Richter met Gilbert and George when the pair held their first exhibition at Konrad Fischer's gallery in 1970. A melting pot of the growing conceptual art movement, the gallery showed most of the significant artists who were involved and although Richter was slightly more established at the time, his post-modern project to de-construct painting was inspiring a number of artists, not least Gilbert & George who were experimenting in a similar way with photography. From their very first meeting Richter saw the artists as kindred spirits, noting... "They were the first people who liked my landscapes. I think that what impressed me most was the way in which they took their own independence as a matter of course" (Richter, quoted by D. Elger, Gerhard Richter: A Life in Painting, Chicago 2009, p. 224). It wasn't until later, at another event at the gallery in 1974, that the pair first approached Richter to discuss painting their portrait. Although the three men had become friends over the intervening years, Richter was not keen on taking on the project and in a bid to deflect them suggested they all meet somewhere in the Alps so he could take their photographs, hoping the pair would be put off by the location. When Gilbert and George promptly agreed Richter finally relented to the idea and arranged a photo shoot in his garden instead. Richter photographed the pair from numerous angles, making a series of double exposures in which their faces appear at jaunty angles and overlapping and folding into each other. Translating these photographic images into paint on canvas in his unique style, Richter turns the everyday object into a sublime work of art, "I wasn't able simply to declare a photograph to be a work of art by saying it out loud. That wouldn't have even been a ready-made" (Richter, quoted in T. Neff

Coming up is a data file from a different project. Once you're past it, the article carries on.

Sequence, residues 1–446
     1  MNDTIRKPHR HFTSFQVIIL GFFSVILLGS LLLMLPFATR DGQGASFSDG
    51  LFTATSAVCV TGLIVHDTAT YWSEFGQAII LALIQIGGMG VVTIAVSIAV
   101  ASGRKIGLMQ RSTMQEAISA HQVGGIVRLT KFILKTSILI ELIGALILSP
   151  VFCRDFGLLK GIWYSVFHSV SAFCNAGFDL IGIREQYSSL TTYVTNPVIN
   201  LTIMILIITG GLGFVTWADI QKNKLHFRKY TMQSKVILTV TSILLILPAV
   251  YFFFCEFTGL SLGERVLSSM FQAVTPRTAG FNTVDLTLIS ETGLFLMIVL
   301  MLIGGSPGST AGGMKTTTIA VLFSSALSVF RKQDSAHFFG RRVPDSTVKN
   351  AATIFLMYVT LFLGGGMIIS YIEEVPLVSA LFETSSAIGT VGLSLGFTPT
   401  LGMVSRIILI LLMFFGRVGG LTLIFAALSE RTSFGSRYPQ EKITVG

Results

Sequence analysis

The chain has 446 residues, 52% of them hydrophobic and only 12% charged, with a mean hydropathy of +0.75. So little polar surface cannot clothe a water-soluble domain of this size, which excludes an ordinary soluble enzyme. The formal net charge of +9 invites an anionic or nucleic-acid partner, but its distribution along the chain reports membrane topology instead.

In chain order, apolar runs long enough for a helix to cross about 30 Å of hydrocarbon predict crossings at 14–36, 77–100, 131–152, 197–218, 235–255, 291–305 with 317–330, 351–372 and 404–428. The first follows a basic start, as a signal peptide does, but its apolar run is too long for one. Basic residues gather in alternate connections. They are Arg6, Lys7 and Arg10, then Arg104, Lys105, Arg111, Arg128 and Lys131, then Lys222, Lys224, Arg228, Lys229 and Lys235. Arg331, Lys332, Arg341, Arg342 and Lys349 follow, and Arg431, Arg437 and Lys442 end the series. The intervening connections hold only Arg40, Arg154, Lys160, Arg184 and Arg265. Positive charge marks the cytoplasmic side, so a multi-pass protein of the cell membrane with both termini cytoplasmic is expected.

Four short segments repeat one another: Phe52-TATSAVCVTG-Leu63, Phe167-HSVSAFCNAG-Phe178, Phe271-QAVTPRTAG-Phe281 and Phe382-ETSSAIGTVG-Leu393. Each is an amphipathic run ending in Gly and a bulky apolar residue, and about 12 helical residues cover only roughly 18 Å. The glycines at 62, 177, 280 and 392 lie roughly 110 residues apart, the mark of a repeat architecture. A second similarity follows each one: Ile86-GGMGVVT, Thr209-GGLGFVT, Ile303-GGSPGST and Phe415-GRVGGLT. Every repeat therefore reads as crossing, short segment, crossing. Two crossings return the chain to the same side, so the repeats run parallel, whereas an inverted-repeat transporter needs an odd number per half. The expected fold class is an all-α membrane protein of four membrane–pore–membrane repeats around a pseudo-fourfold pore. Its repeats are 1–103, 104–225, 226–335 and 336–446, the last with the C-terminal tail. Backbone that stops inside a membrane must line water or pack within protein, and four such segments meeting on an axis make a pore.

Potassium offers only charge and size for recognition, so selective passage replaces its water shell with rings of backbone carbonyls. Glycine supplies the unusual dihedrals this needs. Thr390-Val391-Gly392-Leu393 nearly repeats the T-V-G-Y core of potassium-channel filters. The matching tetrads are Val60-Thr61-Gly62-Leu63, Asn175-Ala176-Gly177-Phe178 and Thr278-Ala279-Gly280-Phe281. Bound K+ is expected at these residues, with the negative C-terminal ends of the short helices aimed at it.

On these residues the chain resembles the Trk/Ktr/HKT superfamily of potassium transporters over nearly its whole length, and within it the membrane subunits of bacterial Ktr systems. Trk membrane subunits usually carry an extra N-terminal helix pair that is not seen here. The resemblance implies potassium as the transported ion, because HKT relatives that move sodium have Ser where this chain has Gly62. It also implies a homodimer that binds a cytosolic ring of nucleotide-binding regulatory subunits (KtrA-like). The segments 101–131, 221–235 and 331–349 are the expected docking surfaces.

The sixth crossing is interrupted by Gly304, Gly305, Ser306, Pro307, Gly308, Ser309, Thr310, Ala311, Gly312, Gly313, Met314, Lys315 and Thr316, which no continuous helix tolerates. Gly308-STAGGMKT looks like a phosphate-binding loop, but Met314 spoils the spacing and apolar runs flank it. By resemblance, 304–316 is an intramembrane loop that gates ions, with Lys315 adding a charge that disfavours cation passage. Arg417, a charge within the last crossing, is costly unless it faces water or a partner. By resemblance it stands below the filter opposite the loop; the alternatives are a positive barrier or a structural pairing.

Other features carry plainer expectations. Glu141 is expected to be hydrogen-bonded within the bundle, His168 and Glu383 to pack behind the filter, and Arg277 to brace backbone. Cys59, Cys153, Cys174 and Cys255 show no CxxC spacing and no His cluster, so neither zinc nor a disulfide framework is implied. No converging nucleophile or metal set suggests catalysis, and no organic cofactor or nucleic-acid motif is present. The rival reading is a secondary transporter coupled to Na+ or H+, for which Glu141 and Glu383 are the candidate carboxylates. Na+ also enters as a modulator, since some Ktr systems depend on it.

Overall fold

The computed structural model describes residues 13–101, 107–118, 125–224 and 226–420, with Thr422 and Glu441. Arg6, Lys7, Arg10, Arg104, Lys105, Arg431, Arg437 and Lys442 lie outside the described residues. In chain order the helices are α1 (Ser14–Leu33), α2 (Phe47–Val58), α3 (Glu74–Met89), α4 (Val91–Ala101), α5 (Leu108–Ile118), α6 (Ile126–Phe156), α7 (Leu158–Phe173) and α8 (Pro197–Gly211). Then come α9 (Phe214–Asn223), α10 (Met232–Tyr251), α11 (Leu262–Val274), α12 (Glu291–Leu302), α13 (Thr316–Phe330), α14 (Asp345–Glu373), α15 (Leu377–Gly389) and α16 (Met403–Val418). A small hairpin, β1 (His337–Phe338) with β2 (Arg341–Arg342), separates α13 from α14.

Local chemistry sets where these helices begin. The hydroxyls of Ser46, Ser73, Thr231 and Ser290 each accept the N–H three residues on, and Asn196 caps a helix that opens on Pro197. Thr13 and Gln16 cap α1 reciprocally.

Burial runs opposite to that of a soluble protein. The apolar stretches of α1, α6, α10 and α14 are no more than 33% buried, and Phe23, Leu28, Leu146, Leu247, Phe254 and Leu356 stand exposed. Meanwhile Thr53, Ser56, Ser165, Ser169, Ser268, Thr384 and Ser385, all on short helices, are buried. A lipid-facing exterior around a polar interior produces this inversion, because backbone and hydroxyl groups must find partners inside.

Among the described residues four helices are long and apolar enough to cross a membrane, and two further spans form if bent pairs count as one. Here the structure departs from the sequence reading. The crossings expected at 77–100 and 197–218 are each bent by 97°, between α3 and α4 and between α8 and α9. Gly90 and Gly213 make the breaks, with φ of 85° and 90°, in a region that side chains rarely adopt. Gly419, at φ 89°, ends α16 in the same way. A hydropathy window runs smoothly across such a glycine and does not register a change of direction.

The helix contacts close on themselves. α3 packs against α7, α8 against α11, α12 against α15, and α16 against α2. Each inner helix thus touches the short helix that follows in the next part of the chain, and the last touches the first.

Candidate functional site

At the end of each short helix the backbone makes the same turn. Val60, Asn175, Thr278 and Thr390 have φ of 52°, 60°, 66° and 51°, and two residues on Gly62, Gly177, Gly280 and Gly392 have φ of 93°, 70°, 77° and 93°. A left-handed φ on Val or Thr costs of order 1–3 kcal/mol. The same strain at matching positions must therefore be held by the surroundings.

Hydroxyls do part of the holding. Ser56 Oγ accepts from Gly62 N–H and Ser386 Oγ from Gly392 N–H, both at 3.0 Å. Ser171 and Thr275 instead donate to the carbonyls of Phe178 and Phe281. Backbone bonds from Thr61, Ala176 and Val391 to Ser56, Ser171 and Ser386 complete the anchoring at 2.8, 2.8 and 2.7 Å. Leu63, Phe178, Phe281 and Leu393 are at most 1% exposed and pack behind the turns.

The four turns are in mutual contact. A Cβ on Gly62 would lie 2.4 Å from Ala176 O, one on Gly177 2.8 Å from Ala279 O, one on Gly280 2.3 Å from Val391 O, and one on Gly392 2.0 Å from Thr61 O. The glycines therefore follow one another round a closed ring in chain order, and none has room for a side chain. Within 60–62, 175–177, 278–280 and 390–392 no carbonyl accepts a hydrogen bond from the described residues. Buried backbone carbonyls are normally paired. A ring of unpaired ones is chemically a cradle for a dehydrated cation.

(ed.), Gerhard Richter: Paintings, exh. cat., London, 1988, p. 47).